Why newsrooms need project managers

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Robin Kwong is Special Projects Editor at the Financial Times where he runs newsroom experiments and helps coordinate large-scale coverage. 

Newsrooms like the Financial Times, where I work, are complex systems organized along very specialized lines. We have experts in writing headlines, laying out a page, reporting, and editing.

This organizational structure reflects the fact that the print newspaper is a mature medium with clearly defined rules and best practices. We have specialists rather than generalists. A reporter simply didn’t need to know how to lay out a print page.

This structure served us well for a long time. It gave us speed and scale. But in part because of its success, it has conditioned us to work in specialist silos, and to react to new situations by layering on new silos.

So we now have specialists in design, programming, video production, and audience engagement. For many newsrooms, including ours, the struggle so far has been to add and legitimize people with these digital skills.

But the next big bottleneck will be management. We have thought too little about how the new silos would fit in, and change, the entire system. We have been too naive in thinking that simply putting the pieces in place would be enough at a time when pretty much everything in our industry is changing radically.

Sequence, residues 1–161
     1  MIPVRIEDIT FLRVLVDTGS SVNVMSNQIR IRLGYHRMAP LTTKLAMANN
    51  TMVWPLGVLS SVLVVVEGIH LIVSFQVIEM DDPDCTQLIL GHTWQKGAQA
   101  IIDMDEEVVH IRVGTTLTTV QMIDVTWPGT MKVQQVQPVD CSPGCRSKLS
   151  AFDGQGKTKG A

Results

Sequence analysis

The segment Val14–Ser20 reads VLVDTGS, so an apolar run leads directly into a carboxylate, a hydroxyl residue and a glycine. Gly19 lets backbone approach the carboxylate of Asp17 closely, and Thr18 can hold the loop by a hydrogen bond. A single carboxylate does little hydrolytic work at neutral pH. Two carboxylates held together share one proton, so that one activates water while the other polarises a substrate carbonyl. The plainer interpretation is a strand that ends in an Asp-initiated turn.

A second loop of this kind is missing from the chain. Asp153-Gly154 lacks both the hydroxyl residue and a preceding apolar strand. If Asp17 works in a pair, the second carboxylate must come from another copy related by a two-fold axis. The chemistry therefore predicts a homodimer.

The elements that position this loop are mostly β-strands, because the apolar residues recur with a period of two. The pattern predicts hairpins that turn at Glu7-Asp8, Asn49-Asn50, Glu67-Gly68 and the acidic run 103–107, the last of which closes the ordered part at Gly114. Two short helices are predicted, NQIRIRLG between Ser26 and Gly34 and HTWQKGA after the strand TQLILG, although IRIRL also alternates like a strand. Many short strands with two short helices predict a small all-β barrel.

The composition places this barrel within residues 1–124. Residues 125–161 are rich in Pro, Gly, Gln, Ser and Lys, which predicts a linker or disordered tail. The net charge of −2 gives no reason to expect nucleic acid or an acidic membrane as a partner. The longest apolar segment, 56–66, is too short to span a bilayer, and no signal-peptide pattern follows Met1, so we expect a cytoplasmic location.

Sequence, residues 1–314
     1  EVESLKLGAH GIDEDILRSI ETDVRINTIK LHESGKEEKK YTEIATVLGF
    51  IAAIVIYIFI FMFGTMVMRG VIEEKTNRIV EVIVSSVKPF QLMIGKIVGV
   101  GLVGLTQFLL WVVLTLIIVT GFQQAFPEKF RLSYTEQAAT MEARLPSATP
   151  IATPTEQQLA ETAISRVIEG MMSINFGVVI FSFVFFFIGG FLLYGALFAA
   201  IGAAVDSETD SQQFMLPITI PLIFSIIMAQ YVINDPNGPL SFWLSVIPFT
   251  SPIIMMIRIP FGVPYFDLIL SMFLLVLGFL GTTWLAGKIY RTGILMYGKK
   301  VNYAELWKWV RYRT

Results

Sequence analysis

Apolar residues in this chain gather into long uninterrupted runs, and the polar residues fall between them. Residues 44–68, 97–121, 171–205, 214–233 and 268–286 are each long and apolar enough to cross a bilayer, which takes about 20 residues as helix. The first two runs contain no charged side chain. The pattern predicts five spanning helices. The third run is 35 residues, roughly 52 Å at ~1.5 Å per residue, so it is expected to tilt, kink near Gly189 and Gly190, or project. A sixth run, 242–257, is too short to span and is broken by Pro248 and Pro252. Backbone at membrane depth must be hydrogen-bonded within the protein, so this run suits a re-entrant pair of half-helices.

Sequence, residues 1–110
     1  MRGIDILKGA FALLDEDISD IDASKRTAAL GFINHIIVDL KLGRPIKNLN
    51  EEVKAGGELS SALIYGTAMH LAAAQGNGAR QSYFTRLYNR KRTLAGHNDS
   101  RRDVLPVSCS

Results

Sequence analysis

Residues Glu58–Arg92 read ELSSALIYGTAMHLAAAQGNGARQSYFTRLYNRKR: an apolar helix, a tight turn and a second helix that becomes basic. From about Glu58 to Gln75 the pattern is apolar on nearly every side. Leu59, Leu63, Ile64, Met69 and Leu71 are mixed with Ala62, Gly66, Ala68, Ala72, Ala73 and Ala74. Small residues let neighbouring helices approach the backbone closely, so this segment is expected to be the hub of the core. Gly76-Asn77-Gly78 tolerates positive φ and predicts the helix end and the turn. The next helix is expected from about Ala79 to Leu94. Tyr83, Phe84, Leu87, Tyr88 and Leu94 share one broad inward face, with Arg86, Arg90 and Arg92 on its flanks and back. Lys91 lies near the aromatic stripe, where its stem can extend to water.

This is where project management comes in: When the old templates no longer apply in a digital environment; when nearly every endeavor is an experiment; and when the things we once took for granted have now become difficult.

(How many reporters know the name of their print site’s manager? How many have begged for someone to tweet out their story from the official account?)

In short, newsrooms need project managers because the old systems no longer work and we have yet to find new templates. It needs them because at some point it is not about how many of your journalists know how to code, but how well your teams of reporters and developers work together.

Fortunately, newsrooms are not alone nor the first to face these issues: startup culture and design thinking arise whenever an industry is in flux. Some project managers even now sit in newsrooms — but most of them will be building products or tools, not helping to produce specific pieces of journalism.

It’s time to change that. We live in chaotic times, and we need people who can help tame chaos, crush entropy, and free our journalists, designers and coders to do what they do best.

 

Robin Kwong is Special Projects Editor at the Financial Times where he runs newsroom experiments and helps coordinate large-scale coverage.